There is a real community among crime writers, folks who will offer help and usually deliver. They’re encouraging. They understand and are willing to share the good times and bad. Many will even buy a round at the bar. I’ve made a lot of life-long friends in this game.

There are too many writers. On the surface this comment looks pretty bad, I know, but there really are too many people who are getting published who shouldn’t be. They’re not ready. Heaven knows I wasn’t ready when I self-published my first two novels. I’m sure there are some who would say that I’m still not ready and many, many times I still feel that way. When I see the number of crime fiction novels that come out every year, I just wonder how many are good. On the other hand, if someone wants to put in the time and effort to produce a novel (whether published by a third party of self-published), then I say, God bless ’em. I’m only making this statement because it makes it so difficult to get noticed. Promotion has always been difficult. Now it’s damn near impossible.

Being a good writer isn’t enough. There are a few talented (and lucky) sods who have a publisher four-square behind them from the beginning. They just write and someone else does all the promotion stuff for them. For the rest of us, there’s reality. If you want to sell books, you have to learn how to be an author (there’s a difference), a personality, someone who attracts attention and knows how to present themselves effectively. It’s difficult to do for most of us. I’m really rather shy and retiring, truth be told. I can hear the guffaws as I say that, but I learned as a struggling musician, that presentation, not talent, is most of the battle. Get good about presentation and you’re more than halfway there.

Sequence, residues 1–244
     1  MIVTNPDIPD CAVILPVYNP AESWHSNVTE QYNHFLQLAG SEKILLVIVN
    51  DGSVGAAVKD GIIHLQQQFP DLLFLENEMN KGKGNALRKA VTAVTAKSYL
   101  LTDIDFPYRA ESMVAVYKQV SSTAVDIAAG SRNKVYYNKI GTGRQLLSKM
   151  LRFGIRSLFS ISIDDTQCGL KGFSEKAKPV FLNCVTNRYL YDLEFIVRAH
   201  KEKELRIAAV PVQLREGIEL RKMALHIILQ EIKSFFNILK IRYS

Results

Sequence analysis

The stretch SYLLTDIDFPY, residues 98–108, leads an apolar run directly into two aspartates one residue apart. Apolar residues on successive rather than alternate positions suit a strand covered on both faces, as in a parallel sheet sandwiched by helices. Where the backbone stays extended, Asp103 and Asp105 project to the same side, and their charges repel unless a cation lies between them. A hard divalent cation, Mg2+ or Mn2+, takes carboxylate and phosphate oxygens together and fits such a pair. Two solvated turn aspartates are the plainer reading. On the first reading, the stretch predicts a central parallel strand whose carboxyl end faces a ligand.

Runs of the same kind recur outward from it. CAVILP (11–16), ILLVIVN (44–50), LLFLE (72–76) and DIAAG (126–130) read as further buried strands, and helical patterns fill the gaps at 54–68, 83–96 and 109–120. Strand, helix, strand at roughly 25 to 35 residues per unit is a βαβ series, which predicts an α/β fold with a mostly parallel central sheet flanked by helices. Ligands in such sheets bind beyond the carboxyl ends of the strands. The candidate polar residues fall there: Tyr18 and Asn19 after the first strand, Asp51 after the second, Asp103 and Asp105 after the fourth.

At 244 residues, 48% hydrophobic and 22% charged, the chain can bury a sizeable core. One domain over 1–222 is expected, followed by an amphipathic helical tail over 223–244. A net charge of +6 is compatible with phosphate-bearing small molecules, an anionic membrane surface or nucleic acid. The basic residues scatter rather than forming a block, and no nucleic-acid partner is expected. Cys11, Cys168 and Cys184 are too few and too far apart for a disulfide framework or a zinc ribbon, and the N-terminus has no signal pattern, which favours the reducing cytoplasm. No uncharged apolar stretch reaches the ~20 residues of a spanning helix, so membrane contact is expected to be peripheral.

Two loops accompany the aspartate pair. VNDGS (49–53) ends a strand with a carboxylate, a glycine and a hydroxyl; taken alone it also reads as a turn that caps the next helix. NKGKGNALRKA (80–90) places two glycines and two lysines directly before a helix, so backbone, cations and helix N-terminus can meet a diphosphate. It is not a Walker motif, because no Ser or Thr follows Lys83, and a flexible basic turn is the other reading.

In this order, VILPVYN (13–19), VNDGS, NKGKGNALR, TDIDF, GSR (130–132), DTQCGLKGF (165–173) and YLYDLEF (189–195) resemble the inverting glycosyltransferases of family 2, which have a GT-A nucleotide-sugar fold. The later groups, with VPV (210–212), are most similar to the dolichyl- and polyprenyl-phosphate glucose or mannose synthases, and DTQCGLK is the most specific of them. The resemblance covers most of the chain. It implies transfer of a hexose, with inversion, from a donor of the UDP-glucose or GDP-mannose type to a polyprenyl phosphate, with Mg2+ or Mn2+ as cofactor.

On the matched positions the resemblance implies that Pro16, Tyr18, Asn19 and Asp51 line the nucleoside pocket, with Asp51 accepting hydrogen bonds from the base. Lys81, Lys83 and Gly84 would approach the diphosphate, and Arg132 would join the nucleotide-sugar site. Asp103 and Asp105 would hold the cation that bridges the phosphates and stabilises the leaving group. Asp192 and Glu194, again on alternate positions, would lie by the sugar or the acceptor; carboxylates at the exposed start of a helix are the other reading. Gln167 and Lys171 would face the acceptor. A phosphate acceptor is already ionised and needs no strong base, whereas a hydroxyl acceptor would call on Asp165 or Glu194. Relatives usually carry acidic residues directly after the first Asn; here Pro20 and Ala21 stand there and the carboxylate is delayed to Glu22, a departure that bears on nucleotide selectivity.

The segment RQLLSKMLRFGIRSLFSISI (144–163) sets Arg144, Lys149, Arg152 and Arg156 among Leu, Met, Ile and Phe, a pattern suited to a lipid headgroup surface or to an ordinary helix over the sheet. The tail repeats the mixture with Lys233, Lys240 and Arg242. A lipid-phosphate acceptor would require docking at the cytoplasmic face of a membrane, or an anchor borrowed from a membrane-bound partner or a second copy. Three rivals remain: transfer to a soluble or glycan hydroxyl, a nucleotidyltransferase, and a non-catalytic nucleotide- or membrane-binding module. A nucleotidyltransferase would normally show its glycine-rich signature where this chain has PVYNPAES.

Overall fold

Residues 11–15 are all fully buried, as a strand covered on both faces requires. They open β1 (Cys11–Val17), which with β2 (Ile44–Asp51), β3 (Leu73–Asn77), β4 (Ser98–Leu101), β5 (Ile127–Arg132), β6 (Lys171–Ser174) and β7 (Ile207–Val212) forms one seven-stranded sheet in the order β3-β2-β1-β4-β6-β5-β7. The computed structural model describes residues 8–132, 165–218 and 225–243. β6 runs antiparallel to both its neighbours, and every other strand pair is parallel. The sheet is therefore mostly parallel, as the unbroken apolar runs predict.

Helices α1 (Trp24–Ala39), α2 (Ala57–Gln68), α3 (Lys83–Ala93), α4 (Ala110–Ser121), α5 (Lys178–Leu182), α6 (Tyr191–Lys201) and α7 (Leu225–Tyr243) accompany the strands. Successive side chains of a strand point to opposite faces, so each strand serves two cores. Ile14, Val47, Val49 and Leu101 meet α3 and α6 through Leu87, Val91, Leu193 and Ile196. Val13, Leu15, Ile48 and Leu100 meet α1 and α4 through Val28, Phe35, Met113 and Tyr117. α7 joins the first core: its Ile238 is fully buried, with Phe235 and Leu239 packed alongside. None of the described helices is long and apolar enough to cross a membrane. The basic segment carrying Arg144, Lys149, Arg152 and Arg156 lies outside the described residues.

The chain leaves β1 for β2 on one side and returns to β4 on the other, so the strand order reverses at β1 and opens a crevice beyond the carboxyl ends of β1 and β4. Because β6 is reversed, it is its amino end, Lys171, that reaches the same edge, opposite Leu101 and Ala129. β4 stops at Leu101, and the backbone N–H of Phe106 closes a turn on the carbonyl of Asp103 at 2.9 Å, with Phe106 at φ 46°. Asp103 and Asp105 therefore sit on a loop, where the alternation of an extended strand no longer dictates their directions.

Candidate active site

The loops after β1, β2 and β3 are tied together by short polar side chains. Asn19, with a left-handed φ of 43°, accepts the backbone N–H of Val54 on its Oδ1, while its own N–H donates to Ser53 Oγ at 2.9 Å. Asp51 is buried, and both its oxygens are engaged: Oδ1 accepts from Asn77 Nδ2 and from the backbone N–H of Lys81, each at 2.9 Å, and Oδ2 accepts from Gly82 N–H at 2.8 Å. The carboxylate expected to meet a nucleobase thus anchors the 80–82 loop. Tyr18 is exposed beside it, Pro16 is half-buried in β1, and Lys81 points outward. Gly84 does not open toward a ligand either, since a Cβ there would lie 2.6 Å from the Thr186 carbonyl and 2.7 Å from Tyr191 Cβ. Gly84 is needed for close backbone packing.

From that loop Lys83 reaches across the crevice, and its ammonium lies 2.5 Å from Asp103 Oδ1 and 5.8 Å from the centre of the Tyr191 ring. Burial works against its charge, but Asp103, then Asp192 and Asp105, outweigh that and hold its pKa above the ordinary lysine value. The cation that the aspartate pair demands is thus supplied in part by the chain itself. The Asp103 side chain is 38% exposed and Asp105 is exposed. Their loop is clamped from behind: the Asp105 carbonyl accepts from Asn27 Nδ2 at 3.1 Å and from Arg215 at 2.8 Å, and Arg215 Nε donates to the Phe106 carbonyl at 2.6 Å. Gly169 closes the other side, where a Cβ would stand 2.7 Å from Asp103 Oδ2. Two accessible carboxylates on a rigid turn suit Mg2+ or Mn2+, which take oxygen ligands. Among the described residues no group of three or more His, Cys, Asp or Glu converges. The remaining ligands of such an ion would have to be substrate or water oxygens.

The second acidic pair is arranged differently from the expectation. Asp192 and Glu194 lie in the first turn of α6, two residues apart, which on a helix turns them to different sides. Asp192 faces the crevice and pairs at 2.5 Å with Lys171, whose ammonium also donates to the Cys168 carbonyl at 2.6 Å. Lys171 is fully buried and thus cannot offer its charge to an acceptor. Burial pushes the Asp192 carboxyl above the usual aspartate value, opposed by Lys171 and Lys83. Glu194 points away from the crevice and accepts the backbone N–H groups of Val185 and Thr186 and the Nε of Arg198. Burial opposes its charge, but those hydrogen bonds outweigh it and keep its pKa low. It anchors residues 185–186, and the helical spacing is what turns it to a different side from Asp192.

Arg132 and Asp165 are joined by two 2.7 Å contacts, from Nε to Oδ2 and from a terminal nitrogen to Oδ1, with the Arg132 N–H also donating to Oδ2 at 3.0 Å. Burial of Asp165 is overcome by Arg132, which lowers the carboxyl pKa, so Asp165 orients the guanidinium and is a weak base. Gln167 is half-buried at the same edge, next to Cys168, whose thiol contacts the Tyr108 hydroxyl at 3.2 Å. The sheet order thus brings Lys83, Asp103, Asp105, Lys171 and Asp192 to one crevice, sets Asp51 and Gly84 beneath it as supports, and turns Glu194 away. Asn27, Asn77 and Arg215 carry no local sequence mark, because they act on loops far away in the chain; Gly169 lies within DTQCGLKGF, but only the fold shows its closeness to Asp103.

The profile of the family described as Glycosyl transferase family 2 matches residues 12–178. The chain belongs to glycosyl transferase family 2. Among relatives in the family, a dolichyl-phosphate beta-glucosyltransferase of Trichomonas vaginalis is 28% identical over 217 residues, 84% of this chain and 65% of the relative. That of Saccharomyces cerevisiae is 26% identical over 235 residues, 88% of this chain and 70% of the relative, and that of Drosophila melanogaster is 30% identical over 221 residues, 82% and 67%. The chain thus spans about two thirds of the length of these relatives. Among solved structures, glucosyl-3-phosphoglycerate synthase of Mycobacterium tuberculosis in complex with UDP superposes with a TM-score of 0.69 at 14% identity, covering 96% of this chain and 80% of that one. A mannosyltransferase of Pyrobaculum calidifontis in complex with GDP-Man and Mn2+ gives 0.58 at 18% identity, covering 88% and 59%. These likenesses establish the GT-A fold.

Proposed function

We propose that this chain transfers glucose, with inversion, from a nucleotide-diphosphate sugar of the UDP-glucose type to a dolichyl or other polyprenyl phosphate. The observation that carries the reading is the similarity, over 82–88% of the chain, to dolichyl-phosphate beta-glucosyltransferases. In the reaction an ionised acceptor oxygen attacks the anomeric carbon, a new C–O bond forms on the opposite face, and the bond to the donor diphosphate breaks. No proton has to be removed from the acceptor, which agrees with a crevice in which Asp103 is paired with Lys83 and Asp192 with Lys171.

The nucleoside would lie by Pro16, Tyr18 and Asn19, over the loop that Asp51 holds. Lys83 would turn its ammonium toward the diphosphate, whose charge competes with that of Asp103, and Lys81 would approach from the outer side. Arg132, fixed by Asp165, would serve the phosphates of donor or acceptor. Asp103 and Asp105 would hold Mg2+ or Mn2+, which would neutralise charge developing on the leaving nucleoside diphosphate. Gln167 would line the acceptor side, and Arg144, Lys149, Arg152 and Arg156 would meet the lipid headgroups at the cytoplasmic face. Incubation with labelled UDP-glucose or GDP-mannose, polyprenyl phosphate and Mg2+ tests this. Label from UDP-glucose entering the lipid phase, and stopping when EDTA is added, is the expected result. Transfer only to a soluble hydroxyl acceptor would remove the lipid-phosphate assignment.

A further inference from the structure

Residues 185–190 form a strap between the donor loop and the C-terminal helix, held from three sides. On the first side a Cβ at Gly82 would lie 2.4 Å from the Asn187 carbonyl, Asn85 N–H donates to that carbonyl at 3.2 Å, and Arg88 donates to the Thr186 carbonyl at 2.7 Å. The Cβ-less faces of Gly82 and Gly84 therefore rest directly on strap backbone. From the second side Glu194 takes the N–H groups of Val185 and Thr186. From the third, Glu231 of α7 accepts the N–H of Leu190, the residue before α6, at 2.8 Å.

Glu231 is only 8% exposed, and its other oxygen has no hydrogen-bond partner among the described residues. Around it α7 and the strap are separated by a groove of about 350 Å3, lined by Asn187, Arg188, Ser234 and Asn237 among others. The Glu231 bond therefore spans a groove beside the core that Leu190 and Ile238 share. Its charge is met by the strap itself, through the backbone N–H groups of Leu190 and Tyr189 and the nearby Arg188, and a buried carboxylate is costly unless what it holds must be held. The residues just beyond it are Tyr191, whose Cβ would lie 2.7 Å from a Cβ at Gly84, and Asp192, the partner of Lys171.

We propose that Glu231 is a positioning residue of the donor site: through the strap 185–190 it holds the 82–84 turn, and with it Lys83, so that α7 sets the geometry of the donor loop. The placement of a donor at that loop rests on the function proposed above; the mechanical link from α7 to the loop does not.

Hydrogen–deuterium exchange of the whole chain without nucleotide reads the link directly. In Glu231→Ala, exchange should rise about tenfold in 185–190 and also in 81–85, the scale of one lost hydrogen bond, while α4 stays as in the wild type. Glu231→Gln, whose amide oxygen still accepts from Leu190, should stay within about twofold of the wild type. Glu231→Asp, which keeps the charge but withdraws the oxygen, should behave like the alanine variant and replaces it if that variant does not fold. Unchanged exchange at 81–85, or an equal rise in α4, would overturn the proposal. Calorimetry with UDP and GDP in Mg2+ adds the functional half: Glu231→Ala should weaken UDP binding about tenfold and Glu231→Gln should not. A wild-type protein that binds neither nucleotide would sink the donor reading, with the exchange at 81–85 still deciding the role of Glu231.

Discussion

Learn as much as you can about publishing. Like any other “entertainment” business, publishing is full of BS. They have a job to do, and many in the industry find that writers only get in the way – at least that’s their perception. So they feed you a line of BS whenever they want to move the conversation on. Now my initial statement is not made so that we writers can stand our ground and call BS for what it is. I say it in the spirit of you need to understand what’s involved in publishing your book. The more you know, the more you can be a team player – even if you’re gritting your teeth while you do it. With my new publisher, I want to be seen as a source of solutions, not a source of problems. (That also doesn’t mean that I’m going to be a push-over, either.)

Keep your published books close to you when you’re writing. I know some darn good and very successful authors who have been summarily dumped by their publishers. It’s a devastating blow. I take heart in that when I’m on the receiving end of bad news. But even as you get that phone call or email, or open that letter that’s filled with gut-wrenching news, you can look up and see your novels sitting on the shelf above you (in my case). No one can take those away from you. That’s helped me carry on more than once…a lot more than once.

3 comments:

Charlotte Hinger said...

Rick--a great post on the many, many difficult processes involved in learning to write. This is no arena for the faint-hearted.